SAN DIEGO (JANUARY 11, 1997) -- As J.J. marks her one-year anniversary under the care of Sea World of California's beached animal team, an amazing number of firsts continue to occur.
Sea lions fitted with video cameras slowly are being introduced into J.J.'s pool, researchers are designing satellite tracking devices to monitor J.J's path, and equipment drills are under way to secure a Spring reintroduction to the ocean.
For the next few weeks, two California sea lions from Northern California gradually will be entering J.J's 1.7-million-gallon pool. These sea lions have been trained the past two years to videotape and tag a free-swimming baleen whale in hopes of learning more about the underwater giants. The sea lion trainers from San Jose State University's Moss Landing Marine Laboratory are working with Sea World to desensitize their sea lions to J.J. while giving the park's animal care specialists a chance to introduce the young gray whale to other marine life before she returns to the Pacific.
To prepare for the unprecedented undertaking, Sea World's staff is working with Hubbs-Sea World Research Institute (H-SWRI) on a tracking device.
Brent Stewart, Ph.D. J.D., senior research biologist at H-SWRI, is creating transmitters that will track J.J.'s migration and provide data on the depth and duration of her dives. For 20 years, Stewart has attached similar devices to hundreds of pinnipeds in order to gather data on various species.
Scientists will equip J.J.'s back with four transmitters in a procedure similar to piercing an ear. Two rectangular, 1-pound transmitters will collect information on her location, as well as her dive depth and duration. Two smaller devices will pinpoint only the location. Two of the transmitters will be placed on her dorsal ridge in a saddle mount made of kelvar, a durable but flexible material used in bulletproof vests. The other two will be placed closer to the front of her body.
According to Stewart the energy-saving transmitters are designed to conduct 100,000 transmissions and uplink data to a satellite. The information is sent only when the marine animal comes to the surface.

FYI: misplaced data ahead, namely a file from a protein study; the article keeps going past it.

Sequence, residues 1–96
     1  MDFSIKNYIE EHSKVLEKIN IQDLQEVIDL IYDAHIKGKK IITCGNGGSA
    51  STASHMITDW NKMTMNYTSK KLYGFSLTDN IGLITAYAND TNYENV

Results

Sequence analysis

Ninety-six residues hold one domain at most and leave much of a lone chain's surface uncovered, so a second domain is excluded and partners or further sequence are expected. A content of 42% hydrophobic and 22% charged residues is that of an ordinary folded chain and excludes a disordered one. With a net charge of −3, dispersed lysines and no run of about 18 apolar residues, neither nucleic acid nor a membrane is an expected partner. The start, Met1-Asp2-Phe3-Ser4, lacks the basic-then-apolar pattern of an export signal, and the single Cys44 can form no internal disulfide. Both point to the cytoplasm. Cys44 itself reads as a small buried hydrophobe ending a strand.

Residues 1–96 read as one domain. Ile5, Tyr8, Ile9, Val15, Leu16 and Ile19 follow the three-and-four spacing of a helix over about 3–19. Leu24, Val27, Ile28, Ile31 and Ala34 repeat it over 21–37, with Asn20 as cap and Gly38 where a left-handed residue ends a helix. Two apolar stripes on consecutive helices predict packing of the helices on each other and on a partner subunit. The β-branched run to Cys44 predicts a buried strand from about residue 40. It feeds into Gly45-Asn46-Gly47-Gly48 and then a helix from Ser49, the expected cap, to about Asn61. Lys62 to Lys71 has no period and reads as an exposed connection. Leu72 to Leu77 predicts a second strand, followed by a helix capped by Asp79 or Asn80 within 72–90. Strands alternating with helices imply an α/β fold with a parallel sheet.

"It may be possible to receive 100 to 150 information transmissions per day, but that number can vary depending on several things," Stewart said. "Factors include how long the orbiting satellite is in view of the transmitter and how often the transmitter rises above the water to successfully relay data to the satellite."
Although the device is designed to last 18 months, Stewart cautions that the projected shelf life may be misleading. "Unfortunately, once an animal is released, the transmitter may not work because of transmission cessation, mechanical failure, battery exhaustion, death of the animal or the device breaks off."
The question of how long the transmitter will track J.J. is not easily answered, according to Stewart. "I placed 24 tracking devices on monk seals in October, yet only received data from 20. Four of them did not work. But I've also had good fortune with two Weddel seals that I was able to track for 11 months and a whale shark for one year."
"With J.J., however, we're taking extra precautions and attaching double transmitters to ensure the success rate."
"We're also designing the transmitters to gather data for alternating eight-hour periods," he said. "This is important for battery conservation, reduced data processing cost and maximum life of the transmitters because once the animal is returned to the ocean, repairs to the instruments are impossible."
Data from J.J's transmitters will be sent directly to Stewart's e-mail daily by the Argos Data Collection and Location Service. Sea World representatives plan to regularly update a tracking map on the adventure park's Internet Web page so fans can easily follow her migration.
Besides perfecting the satellite transmitter device, Sea World's animal care team and Coast Guard representatives are conducting simulated drills with equipment that will be used during the reintroduction. Testing is being done on a 32-foot stretcher, which was custom made from ballistic nylon and webbing and is supported by two 32-foot-long steel pipes. The sling will be hoisted above the boat with a 20-ton cargo boom. Simulated drills will include releasing 18,000-pound buoys into the ocean. Testing will be conducted on the Conifer, a 180-foot Coast Guard buoy-tender.
"We're thrilled to be a part of this history-making event," said Chief Warrant Officer Jerry Snyder of the U.S. Coast Guard. "We've been working with Sea World for several months on the preliminary plans and we'll continue to practice these drills until everything is fine-tuned."
J.J. now measures 29 feet, 6 inches and weighs 17,000 pounds. She continues to grow at a rate of 36 pounds a day (1.5 pounds an hour) and a quarter inch in length each day.
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